Why is that? In part it’s the actions of the Reserve Bank, conjuring an enormous $100bn line of credit to allow the government to throw money at any problem that comes along. In part it’s because things didn’t turn out as badly as we thought. But it’s also because that $13.6bn meant businesses were largely shielded from the most battering effects of the lockdown, and the immediate impact of the loss of major earners like overseas tourists and students.
The wage subsidy, which has been pushed along in refined and targeted forms since, has ensured that unemployment has remained very low – shocking commentators by actually dropping in the August figures – and business failure rates are down too.
That’s not the only unexpected data to come out of the post-pandemic era. We are currently in the period during which many companies listed on the NZX sharemarket tell their shareholders how much money they’ve made or lost. Despite some obvious exceptions, like the heavily exposed Air NZ and the already-troubled Fletcher Building, many have handled the crisis surprisingly well.
This includes many that took the wage subsidy, which has had a flow on impact on their profits which is somewhat confronting. For example, gambling giant SkyCity reported a 60% drop in normalised profits, but still made $66.3m. This was considerably boosted by $31.1m contributed by various government wage subsidy schemes. The same story is true of retirement village operator Summerset, which took a wage subsidy of $8.7m, before announcing an interim profit to June 30 of $45m, down just 5% on the previous year. Foley Wines, run by Trump mega-donor Bill Foley, nearly doubled its profit to $6.9m, despite claiming a wage subsidy of over $600,000.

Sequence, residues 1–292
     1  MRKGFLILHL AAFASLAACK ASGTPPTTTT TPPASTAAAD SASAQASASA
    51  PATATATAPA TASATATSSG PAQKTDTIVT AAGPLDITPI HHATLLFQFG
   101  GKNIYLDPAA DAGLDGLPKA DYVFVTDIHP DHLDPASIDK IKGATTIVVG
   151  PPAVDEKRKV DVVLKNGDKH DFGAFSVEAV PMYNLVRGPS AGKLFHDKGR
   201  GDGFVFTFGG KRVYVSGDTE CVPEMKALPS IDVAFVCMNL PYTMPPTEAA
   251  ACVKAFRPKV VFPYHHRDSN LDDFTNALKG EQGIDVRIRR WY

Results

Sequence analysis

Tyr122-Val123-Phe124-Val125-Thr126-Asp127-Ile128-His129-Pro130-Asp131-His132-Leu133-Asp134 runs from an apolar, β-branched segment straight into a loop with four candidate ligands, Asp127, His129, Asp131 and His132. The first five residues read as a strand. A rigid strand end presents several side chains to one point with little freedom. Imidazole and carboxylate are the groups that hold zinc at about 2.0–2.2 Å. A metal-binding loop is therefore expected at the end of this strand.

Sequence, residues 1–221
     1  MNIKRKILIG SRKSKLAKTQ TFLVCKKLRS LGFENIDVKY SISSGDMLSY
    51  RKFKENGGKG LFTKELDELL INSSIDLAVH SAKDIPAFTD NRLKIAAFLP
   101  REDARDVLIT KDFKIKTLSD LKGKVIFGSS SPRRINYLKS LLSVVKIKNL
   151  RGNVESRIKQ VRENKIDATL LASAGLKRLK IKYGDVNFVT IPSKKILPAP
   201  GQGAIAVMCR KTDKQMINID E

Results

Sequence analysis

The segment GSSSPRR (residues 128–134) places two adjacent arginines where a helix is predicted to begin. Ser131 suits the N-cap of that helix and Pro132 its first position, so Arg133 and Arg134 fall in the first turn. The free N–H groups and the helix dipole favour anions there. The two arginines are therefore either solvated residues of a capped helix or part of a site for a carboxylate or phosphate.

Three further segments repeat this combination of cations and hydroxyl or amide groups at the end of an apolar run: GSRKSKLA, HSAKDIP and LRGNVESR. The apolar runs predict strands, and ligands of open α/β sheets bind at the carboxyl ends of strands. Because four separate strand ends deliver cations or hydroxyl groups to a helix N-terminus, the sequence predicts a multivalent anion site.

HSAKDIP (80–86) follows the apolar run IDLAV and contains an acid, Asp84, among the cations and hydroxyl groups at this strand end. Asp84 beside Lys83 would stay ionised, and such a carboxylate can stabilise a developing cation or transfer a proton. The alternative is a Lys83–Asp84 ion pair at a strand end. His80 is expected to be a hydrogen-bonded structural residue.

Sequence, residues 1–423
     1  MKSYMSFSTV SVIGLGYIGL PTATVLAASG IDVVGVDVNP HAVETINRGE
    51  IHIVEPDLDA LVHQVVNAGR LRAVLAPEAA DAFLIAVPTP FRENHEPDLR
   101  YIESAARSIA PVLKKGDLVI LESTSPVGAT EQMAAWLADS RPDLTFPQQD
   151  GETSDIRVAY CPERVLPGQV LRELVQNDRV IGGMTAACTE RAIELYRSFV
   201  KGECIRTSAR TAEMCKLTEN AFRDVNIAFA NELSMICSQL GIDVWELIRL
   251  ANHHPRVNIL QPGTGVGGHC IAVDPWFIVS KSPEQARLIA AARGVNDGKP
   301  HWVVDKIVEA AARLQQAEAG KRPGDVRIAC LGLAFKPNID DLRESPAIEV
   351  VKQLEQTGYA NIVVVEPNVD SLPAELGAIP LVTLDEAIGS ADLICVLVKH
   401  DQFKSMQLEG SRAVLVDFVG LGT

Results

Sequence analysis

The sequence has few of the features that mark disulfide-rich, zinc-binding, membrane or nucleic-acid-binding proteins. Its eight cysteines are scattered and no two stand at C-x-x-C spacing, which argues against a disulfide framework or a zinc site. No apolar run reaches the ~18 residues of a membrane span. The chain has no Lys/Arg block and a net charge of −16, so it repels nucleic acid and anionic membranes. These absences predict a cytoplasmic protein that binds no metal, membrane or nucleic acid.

No one is suggesting those firms did anything illegal. The subsidy was available to any business that forecast a decline of at least 30% in revenues, and the initial and largest part of the wage subsidy appeared to have no way of being demanded back, whether the forecast losses were suffered or not. (The Ministry for Social Development, which administered the fund, says it did have to be returned, but multiple tax specialists spoken to by The Spinoff say that is unclear, and would need to be tested in court. In any case, just 2% of the money distributed has been returned). Even a month’s worth of decline made a business eligible for the full 12 weeks of the initial period covered, hence the mammoth scale of the subsidy.